Nicholas Boke is chairman of the history department at the Landon School for Boys in Bethesda. For the past three years, he has been teaching a course on Nazi Germany, during which, he says, he has "watched the revolutionary Right take power in Germany, growing from a band of 10 men to an organization that the established parties gave power to in 1933. I hate teaching this course. I always wish it were a novel. But it's not. It happened and things like that can happen. I therefore feel strongly about groups that build their political philosophy around violence and hatred."

He feels strongly, in other words, about the Ku Klux Klan. Earlier this month, he took part in an anti-Klan protest when the Klan rallied in Montgomery County. He signed up to help organize a counter-demonstration to the Klan's rally in Washington this Saturday. Last Wednesday, he attended a meeting sponsored by the All People's Congress to organize the counter protest. He says he found "there were many members of that organization that wanted to have an anti-Reagan rally and not an anti-Klan rally.

"I'll talk about Reagan the next day. Saturday, I want to address the moral issue of hatred and violence. I spoke to that effect, as did several others at the meeting. I was heard, but I was disagreed with."

On the way home, he began thinking about how the two demonstrations would appear on the evening news. "It starts covering those people marching down Pennsylvania Avenue in their robes and then it shifts to the anti-Klan rally and lo and behold the anti-Klan rally is not an anti-Klan rally but an anti-Reagan rally. What does that say about the anti-Klan sentiment?

"I did not want to join that rally because I thought it was misdirected in its focus. I also knew there were others out there like me who either couldn't or shouldn't join that rally but who would feel strongly about the Klan."

He got home and got on the telephone, trying to find a protest other than those sponsored by the All People's Congress, which has permits for demonstrations at five downtown locations. Boke continued calling ethnic, religious and racial leaders in the area the next day, a man in search of a protest, and while he found food distributions and small assemblies, he found nothing that he felt would show sharp public disapproval of the Klan on the evening news.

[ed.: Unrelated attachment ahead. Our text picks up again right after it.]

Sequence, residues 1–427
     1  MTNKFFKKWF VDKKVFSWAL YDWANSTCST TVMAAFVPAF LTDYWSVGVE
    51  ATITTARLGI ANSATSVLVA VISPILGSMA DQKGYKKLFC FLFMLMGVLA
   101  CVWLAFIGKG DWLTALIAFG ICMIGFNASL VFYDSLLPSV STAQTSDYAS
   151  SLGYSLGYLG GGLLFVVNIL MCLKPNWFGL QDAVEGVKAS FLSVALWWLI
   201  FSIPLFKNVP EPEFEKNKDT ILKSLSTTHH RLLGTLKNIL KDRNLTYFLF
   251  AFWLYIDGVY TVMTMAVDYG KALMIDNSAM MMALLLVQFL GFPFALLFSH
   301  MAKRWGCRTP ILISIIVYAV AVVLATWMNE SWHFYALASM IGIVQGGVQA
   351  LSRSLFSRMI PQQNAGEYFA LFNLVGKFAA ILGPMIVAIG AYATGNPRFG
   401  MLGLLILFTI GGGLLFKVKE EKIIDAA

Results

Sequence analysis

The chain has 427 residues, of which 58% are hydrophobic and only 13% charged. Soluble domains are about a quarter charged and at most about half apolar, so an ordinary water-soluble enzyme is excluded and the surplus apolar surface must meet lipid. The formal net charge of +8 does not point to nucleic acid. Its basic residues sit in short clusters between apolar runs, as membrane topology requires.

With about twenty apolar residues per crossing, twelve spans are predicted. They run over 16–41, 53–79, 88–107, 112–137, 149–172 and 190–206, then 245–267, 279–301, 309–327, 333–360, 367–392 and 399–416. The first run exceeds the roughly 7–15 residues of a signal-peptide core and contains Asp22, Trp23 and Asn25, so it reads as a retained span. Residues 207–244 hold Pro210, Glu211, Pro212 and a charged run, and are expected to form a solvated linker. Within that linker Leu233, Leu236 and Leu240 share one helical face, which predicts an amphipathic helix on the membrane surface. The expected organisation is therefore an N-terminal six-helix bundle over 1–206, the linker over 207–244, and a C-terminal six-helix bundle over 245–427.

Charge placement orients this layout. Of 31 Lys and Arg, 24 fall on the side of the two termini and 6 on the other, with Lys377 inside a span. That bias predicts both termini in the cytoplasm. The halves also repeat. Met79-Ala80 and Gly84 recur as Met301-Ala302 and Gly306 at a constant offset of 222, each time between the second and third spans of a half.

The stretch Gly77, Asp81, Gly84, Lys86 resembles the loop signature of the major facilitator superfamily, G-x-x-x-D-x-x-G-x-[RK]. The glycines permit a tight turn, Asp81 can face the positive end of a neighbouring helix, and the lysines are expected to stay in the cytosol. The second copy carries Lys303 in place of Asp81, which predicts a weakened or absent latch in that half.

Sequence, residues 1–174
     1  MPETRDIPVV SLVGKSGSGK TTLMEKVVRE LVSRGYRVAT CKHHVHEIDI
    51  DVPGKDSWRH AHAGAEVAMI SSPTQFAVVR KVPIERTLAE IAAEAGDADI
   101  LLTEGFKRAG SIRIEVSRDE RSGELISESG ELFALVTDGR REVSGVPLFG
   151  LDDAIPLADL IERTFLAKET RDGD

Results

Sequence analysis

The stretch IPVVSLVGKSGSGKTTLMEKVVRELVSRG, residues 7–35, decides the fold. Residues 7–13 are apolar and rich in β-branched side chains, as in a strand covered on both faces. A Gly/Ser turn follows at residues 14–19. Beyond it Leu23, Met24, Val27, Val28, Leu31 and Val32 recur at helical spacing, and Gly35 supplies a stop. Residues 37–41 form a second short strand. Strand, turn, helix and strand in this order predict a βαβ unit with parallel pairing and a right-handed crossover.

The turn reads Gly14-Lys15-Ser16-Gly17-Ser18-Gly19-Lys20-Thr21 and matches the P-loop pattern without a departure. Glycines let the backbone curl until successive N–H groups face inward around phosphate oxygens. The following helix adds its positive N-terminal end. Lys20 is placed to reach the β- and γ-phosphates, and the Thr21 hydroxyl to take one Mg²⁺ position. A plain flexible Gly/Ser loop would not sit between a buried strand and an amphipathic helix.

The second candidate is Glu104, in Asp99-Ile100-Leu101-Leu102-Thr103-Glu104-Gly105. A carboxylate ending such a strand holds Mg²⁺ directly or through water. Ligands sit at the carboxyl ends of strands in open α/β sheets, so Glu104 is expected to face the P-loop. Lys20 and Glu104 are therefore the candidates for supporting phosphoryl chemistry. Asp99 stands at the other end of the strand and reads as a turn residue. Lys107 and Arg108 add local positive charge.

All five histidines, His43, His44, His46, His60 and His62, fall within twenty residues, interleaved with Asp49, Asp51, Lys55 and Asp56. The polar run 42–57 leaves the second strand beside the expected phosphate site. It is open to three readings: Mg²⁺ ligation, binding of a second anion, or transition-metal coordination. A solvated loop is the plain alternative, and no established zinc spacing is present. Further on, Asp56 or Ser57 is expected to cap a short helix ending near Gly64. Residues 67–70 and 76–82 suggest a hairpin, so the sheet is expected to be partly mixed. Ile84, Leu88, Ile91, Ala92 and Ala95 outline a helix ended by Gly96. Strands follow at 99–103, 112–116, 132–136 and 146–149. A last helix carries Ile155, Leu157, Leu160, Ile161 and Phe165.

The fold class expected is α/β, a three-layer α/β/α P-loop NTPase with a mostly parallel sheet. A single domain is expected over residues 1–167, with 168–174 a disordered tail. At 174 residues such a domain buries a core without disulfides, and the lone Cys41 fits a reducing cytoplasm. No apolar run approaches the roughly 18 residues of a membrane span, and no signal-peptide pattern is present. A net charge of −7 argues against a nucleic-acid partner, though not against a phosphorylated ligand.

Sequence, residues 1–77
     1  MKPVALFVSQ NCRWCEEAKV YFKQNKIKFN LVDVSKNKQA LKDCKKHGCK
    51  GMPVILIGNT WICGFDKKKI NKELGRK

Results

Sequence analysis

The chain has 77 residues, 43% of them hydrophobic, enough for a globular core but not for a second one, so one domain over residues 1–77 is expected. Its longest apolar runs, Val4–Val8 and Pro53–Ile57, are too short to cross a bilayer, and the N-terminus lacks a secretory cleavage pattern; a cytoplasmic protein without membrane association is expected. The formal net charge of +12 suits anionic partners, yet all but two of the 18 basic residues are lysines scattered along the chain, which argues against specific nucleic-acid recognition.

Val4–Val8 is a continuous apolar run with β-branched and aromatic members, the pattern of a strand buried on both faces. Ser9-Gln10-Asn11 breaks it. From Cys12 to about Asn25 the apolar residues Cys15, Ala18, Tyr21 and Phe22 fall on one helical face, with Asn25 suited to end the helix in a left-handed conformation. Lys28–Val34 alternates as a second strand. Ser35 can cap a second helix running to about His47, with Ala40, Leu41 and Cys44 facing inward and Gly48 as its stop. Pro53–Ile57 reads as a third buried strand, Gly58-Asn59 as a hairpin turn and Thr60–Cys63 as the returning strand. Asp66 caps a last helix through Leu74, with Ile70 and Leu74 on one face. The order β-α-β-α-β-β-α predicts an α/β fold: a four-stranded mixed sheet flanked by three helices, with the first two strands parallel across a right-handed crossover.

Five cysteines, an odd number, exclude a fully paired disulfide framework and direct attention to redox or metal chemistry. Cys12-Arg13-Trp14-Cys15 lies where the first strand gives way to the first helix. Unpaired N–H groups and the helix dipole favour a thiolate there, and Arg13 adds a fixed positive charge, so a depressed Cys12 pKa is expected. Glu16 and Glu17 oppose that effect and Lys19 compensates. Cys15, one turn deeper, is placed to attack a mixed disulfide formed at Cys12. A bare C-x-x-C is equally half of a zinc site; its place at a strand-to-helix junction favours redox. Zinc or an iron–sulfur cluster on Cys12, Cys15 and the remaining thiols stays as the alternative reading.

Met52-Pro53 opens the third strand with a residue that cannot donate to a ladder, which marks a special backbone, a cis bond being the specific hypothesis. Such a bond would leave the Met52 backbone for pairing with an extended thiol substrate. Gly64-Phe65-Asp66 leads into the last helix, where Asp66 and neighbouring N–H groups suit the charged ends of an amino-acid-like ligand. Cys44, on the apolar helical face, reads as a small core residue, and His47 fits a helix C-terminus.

By noon the next day, Boke's mission was carved out. He asked the school librarian to find out how one gets a permit. "She did. I called and found there was space at the Lincoln Memorial and decided to apply for it."

What Boke has organized is a vigil that will be mercifully free of speeches, loudspeakers and political rhetoric. There will be a banner that says "Citizens against Bigotry, Violence and Hatred." It will be, he says, "just a place for people who want to make an apolitical, moral stand for an hour, with their dogs, their frisbees, their children."

He has contacted such groups as the National Association for the Advancement of Colored People and the churches, asking them to tell their members about his protest. Boke is being assisted by his wife, who is studying for the Unitarian ministry. He says the Unitarian churches mentioned it on Sunday, as did a number of other churches. "We have students calling students in every high school in the area. I've called all the federations I could find, all the coalitions I could find. We have some leaflets being made up primarily for the high schools. We don't have a long list of supporting organizations at the bottom. That's not what we are about. We're about people who care and want to take a stand against hatred and violence.

"I've never done anything like this before," says Boke, and he isn't sure what motivated him. "Probably teaching that course has an impact. Probably also working in an institution that emphasizes the values of trust and growth and openness had an impact."

And he is motivated by his belief that while the Klansmen have the right to speak and rally, "the values they stand for are destructive of every value I and most citizens of the country hold dear."

The vigil, which will begin at noon, will be held on the steps of the Lincoln Memorial looking down toward the Reflecting Pool. As the Klan rallies in Lafayette Park, Boke and those who join him will bear witness against them. It is a commendable moral stand, pure and uncompromised by politics, that will be taken at a most appropriate place.